Robert Francis Kennedy or “Bobby” was a well known and well liked politician during the Civil Rights Movement. He was one of a few white people who worked closely with African Americans to improve conditions and work towards equality. As Attorney General, RFK worked diligently in order to ensure that Civil Rights laws were upheld.

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The life and political career of RFK is captured in a film bearing his name, RFK. In this film, Samuel L. Jackson, an African American man comments to another African American man that progress for African Americans will be made when “white people think is was their idea” (Dornhelm, 2002). This is a compelling statement that reflects the struggles and challenges that African American people faced during the Civil Rights Movement.

The true motive behind the Civil Rights Movement was for African Americans to be considered as equal human beings to the white people. This struggle for equality continues today. While portrayals such as the one in RFK show politicians who are working towards a solution (Dornhelm, 2002), the reality is that there is still a white-black racial divide in the United States.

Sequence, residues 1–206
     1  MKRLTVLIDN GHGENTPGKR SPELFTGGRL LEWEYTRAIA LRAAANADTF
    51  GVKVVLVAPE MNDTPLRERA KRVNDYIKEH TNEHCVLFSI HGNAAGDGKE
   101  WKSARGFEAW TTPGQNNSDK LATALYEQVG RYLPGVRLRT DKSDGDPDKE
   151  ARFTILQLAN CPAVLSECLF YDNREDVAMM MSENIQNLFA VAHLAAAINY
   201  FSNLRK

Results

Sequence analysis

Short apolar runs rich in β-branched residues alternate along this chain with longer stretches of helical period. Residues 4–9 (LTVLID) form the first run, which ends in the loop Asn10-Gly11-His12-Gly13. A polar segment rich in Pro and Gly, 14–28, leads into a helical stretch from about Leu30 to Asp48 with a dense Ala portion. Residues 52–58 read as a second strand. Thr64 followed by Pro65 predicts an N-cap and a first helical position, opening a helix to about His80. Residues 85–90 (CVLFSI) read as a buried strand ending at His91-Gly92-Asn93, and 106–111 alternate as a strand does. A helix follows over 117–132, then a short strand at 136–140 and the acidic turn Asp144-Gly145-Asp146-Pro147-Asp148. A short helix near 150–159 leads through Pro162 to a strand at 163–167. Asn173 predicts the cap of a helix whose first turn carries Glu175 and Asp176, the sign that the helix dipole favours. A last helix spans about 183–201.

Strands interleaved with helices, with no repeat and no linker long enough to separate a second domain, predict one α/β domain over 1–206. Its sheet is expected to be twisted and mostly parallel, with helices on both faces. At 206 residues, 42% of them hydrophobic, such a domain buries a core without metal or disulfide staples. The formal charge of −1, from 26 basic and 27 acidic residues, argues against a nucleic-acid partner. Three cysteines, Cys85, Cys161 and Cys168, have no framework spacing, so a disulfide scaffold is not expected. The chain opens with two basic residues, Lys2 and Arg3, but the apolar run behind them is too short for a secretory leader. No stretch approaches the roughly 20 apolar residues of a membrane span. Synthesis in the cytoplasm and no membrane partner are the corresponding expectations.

The Civil Rights Movement helped accomplish many goals that led to the creation of laws saying that African Americans are equal to white people. However, the attitudes of the white people have not completely changed in order to embrace African Americans as equals. In order to make true progress as Samuel L. Jackson quoted, white people need to have a strong intrinsic desire to learn about the history of African Americans if true progress is going to be made (Martinez, 60). The ultimate goal is to ensure that white supremacy is eliminated (Martinez, 60).

White supremacy is what Samuel L. Jackson was talking about. As long as white people think they are superior to African Americans than real progress cannot be made. The African American experience has been one of persecution and inferior treatment. This experience will not change until white people decide to embrace racial equality.

Dornhelm, Robert. “RFK.” (2002).

Martinez, Elizabeth. “Seeing More than Black and White.” In Experiencing Race, Class and Gender in the United States. Columbus, OH: McGraw-Hill, 2004.

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